Why didn’t my daffodils bloom? It’s probably ‘daffodil blindness’

Your gardening questions answered: Mowing them too soon after the flowers have faded can weaken the bulbs

This year our daffodils only had one or two blooms. In other years it was a blaze of yellow. This has never happened before. What is going on? – AC, Co Galway

Known as “daffodil blindness”, there are several possible reasons why your beautiful blaze of yellow was a shadow of its former self this spring. The first, and the most likely, is that the leaves of the plants were strimmed or mown away last year too soon after the flowers had faded, which would have weakened the bulbs underground and thus affected their ability to bloom well this year. Most bulbous plants slowly draw down the nutrients from their leaves after flowering to fatten up their bulbs and store plenty of food reserves in them. But if their foliage is removed before it’s been allowed to naturally fade away and die off (a process that takes several months), then this isn’t possible.

Another possibility, one that can happen in lighter, naturally free-draining soils, is that last year’s spring drought adversely affected the development of the nascent flowers within the bulbs. Again, this happens when the leaves die off prematurely due to a lack of water and before the bulbs have had a chance to draw down the nutrients and fatten up in readiness for flowering the following year. If you think this might be the problem, then you’ll need to add plenty of organic matter as a generous mulch to the ground next month after the plants have died back. Some generous sprinkles of a slow-release pelleted organic fertiliser also wouldn’t go amiss.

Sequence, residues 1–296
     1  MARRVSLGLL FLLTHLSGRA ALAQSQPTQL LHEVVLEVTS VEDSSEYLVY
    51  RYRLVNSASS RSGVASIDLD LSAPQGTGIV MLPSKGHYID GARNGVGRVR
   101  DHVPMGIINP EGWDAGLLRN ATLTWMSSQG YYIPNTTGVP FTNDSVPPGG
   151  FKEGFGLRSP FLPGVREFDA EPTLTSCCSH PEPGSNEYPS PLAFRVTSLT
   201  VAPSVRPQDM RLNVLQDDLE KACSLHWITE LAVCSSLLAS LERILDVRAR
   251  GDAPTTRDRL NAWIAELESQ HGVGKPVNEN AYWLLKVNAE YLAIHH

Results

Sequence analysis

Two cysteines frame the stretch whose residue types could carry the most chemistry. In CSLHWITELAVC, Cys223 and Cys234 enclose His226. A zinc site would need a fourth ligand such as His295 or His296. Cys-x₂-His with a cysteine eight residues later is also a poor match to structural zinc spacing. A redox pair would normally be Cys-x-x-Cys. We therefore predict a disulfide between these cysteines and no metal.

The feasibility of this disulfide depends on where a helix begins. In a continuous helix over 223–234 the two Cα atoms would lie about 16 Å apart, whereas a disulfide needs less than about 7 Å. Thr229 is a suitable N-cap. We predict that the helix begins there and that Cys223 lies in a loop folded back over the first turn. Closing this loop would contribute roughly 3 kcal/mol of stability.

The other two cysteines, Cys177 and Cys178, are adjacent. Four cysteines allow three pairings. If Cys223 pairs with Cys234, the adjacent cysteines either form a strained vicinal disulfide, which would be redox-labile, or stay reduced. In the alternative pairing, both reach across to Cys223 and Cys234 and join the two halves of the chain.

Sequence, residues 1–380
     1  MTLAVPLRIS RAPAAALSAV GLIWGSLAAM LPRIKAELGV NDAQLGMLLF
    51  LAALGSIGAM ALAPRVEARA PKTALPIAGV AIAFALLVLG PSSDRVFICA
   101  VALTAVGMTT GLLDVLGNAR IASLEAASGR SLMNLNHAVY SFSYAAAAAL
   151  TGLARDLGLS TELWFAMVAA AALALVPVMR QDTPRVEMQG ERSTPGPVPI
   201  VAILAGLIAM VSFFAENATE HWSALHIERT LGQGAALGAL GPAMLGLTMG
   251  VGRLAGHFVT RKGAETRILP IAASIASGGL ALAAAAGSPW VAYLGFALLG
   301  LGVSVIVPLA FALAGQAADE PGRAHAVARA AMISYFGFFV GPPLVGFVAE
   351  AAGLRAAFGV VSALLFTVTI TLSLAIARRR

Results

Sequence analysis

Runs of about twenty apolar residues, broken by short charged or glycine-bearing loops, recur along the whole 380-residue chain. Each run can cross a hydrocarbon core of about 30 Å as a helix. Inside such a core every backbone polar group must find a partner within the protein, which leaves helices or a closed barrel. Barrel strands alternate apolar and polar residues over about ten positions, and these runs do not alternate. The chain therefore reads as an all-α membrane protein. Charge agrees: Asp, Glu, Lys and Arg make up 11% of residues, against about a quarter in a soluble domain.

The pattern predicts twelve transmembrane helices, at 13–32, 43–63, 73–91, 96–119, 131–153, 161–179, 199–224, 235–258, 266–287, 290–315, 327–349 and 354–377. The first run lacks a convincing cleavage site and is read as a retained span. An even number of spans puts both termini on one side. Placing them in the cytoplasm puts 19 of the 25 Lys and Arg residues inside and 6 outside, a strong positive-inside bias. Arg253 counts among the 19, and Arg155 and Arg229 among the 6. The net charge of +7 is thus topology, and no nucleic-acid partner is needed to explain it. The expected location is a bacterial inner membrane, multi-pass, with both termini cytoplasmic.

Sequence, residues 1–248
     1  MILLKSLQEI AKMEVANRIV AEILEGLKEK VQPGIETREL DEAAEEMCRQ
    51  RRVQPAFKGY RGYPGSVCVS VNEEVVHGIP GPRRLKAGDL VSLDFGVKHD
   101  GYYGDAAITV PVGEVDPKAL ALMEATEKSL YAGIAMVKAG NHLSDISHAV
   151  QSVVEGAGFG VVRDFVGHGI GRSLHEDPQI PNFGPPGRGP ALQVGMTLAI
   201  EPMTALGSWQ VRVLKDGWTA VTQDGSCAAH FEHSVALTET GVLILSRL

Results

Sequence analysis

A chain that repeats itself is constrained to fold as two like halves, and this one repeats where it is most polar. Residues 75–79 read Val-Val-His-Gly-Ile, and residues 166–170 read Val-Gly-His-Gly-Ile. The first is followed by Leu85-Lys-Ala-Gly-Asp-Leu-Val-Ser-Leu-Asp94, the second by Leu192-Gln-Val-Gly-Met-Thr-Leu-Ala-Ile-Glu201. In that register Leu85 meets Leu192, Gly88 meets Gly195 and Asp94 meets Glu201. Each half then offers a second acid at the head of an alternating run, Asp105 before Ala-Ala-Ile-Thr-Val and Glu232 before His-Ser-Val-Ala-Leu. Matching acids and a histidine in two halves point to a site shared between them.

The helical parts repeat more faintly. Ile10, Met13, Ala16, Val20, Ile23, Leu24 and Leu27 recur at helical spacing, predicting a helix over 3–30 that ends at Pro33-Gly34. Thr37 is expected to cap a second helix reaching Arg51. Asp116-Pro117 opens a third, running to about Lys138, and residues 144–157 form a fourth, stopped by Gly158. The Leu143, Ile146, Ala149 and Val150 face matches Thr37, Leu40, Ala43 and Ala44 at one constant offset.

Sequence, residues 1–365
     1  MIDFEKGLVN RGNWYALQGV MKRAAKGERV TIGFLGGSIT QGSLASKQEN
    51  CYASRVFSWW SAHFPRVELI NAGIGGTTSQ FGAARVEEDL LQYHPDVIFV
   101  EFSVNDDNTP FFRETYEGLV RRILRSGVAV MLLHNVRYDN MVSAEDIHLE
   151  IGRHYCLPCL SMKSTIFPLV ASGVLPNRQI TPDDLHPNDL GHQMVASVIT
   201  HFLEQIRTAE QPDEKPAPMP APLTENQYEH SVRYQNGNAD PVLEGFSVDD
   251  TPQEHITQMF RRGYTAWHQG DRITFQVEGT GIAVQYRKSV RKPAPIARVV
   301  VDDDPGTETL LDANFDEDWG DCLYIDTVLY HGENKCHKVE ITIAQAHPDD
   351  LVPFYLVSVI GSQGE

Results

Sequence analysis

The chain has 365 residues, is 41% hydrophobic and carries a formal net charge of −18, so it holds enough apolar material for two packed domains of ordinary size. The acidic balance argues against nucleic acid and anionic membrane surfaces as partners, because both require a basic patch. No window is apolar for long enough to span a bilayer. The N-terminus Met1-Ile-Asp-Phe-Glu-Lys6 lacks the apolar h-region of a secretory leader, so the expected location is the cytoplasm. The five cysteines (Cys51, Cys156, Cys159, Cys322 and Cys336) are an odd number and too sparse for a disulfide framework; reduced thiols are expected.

Conversely, daffodils also dislike very wet soil which can result in a poor display of flowers. Given the record rainfall we’ve experienced since last summer, is it possible that the ground in which yours are growing became badly waterlogged over last winter? If so, then you’ll need to look at ways to improve drainage.


Another possibility is that your daffodils bulbs have slowly but surely become overcrowded, and need to be lifted, thinned out and then replanted. But given the sudden and very extreme difference from last year’s display, this seems unlikely.

Finally, there is a small possibility that some kind of pest or disease has struck your daffodil bulbs. Examples include narcissus bulb fly, narcissus eelworm, and narcissus basal rot. To see if this may be the case, I’d suggest digging up a few sample bulbs and carefully examining them.

Signs of narcissus bulb fly include white maggots which can be found feeding inside the bulb, signs of eelworm include deformed, swollen bulbs and stunted growth while symptoms of narcissus basal rot include poor growth and soft bulbs. But, given the healthy foliage that your plants have produced, I think that these are all unlikely to be the cause.

Fionnuala Fallon

Fionnuala Fallon

Fionnuala Fallon is an Irish Times contributor specialising in gardening